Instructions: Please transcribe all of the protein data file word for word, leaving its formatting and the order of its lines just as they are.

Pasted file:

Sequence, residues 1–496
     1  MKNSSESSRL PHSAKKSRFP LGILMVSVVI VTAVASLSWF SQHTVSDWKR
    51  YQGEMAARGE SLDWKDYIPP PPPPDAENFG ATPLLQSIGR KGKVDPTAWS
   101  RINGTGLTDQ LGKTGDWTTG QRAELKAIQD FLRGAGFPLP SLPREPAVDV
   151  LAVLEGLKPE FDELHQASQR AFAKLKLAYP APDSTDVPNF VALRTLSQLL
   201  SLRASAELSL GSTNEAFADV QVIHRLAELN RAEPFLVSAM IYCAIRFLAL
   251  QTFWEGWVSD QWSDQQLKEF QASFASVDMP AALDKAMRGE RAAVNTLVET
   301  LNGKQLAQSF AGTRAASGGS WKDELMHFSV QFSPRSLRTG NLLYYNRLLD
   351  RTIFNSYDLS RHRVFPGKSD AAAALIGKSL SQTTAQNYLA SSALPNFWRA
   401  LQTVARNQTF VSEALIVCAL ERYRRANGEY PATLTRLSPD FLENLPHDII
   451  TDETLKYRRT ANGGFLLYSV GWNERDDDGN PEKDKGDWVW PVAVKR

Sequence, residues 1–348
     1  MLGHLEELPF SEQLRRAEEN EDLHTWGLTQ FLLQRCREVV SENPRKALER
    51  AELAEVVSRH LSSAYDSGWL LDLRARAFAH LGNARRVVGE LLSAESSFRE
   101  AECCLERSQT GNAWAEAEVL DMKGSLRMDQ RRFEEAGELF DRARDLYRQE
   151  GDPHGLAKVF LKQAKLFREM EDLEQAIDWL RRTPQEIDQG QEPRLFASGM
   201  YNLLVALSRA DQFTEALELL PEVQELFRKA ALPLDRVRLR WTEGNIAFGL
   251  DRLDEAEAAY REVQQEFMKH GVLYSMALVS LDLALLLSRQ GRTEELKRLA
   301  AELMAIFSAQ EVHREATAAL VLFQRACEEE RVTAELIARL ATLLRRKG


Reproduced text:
Sequence, residues 1–496
     1  MKNSSESSRL PHSAKKSRFP LGILMVSVVI VTAVASLSWF SQHTVSDWKR
    51  YQGEMAARGE SLDWKDYIPP PPPPDAENFG ATPLLQSIGR KGKVDPTAWS
   101  RINGTGLTDQ LGKTGDWTTG QRAELKAIQD FLRGAGFPLP SLPREPAVDV
   151  LAVLEGLKPE FDELHQASQR AFAKLKLAYP APDSTDVPNF VALRTLSQLL
   201  SLRASAELSL GSTNEAFADV QVIHRLAELN RAEPFLVSAM IYCAIRFLAL
   251  QTFWEGWVSD QWSDQQLKEF QASFASVDMP AALDKAMRGE RAAVNTLVET
   301  LNGKQLAQSF AGTRAASGGS WKDELMHFSV QFSPRSLRTG NLLYYNRLLD
   351  RTIFNSYDLS RHRVFPGKSD AAAALIGKSL SQTTAQNYLA SSALPNFWRA
   401  LQTVARNQTF VSEALIVCAL ERYRRANGEY PATLTRLSPD FLENLPHDII
   451  TDETLKYRRT ANGGFLLYSV GWNERDDDGN PEKDKGDWVW PVAVKR

Sequence, residues 1–348
     1  MLGHLEELPF SEQLRRAEEN EDLHTWGLTQ FLLQRCREVV SENPRKALER
    51  AELAEVVSRH LSSAYDSGWL LDLRARAFAH LGNARRVVGE LLSAESSFRE
   101  AECCLERSQT GNAWAEAEVL DMKGSLRMDQ RRFEEAGELF DRARDLYRQE
   151  GDPHGLAKVF LKQAKLFREM EDLEQAIDWL RRTPQEIDQG QEPRLFASGM
   201  YNLLVALSRA DQFTEALELL PEVQELFRKA ALPLDRVRLR WTEGNIAFGL
   251  DRLDEAEAAY REVQQEFMKH GVLYSMALVS LDLALLLSRQ GRTEELKRLA
   301  AELMAIFSAQ EVHREATAAL VLFQRACEEE RVTAELIARL ATLLRRKG